Auburn, California, 1960s.
We've all seen race prejudice in humans before, but I have only seen one race prejudiced horse in my entire life. His name was Crow.
Crow, an appaloosa stallion, was a part of Betty Veal's horse business. People wanting to raise their own appaloosa foal would bring their candidate mare to Betty's ranch, pay their stud fee, and Crow would “cover the mare.”
There was only one thing wrong with this otherwise splendid scheme. Crow did not like grey mares, any of them. He liked bays, seal browns, sorrels, duns, buckskins, grullas, palominos. But he would not cover grey mares. He wouldn't even rouse himself to make the attempt.
What was Betty to do? Tell her customers to keep their money because their mares didn't meet with her stud's aesthetic standards? Refusing or returning someone's stud fee is a disagreeable prospect for anyone in the horse breeding business. But to have your stud become the laughing stock of the county is simply not acceptable.
Betty gave the matter considerable thought. She was a well-educated woman, a successful nurse. She figured that if she couldn't outwit her own stallion, she had better give up horses and take up needlepoint. It turned out to be no major feat to trick Crow.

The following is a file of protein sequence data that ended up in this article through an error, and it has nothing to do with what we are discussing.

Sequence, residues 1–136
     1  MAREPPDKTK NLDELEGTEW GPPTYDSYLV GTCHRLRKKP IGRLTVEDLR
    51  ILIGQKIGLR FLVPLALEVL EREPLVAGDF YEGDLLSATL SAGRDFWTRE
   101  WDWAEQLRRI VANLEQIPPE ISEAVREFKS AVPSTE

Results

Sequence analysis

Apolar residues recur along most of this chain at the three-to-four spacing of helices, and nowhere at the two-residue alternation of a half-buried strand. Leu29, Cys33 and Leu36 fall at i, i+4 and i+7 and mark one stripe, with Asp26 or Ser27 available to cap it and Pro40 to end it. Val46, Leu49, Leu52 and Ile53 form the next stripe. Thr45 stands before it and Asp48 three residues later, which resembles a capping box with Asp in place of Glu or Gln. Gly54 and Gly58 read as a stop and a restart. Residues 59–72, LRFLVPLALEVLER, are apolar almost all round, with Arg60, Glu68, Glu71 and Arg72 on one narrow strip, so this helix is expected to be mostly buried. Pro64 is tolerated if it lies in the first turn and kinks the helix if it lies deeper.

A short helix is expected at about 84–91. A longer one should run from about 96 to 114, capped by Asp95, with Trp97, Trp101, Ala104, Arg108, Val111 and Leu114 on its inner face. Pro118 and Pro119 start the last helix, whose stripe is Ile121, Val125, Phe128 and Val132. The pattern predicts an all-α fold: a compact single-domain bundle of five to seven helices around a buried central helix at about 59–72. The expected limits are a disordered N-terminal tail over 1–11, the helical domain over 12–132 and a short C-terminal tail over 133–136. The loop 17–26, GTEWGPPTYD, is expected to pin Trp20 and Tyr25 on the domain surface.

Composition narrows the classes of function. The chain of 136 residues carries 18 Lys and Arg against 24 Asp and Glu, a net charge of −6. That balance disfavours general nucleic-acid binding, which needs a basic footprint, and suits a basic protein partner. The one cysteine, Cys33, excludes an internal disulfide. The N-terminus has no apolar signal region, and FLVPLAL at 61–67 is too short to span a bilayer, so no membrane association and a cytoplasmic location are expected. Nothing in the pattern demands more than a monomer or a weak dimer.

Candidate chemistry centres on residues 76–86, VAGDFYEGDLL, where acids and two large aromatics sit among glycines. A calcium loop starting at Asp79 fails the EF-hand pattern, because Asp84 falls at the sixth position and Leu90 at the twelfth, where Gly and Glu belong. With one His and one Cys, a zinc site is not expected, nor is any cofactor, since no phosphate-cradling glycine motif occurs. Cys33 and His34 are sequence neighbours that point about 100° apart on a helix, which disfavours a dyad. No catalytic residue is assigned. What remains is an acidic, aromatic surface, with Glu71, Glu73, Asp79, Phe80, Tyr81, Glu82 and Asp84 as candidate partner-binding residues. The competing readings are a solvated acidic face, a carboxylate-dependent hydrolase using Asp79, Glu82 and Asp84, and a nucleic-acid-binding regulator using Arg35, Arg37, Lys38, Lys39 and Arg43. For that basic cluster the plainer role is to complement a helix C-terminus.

Crow was particularly fond of one mare. When next Betty had a grey mare to breed, she hid the animal behind a building. Then she stood Crow's favorite lady, decked out in baubles and bangles with cornflowers woven into her mane, just around the corner from the grey. Crow rose to the occasion, as he thought, but before he realized what was happening, Betty had whisked him around the corner and he had covered the grey. Blecch!
I grew to really respect Betty's determination to accomplish a mission. If you have never assisted at a horse breeding, permit me to tell you that a stallion ready to “do the job” is an awesome sight. He rears up, three quarters of a ton of male animal ready for one thing and it isn't taking a walk.
But Betty accomplished the deed, and the grey mare got covered. The wonderful thing was, the trick worked several times. Crow never caught on. And every time it worked, Crow eyed Betty reproachfully. “Aw, ma, you did it again. Durn it.”
But I wouldn't try this trick witåh just any stallion. Crow was actually a pretty good guy.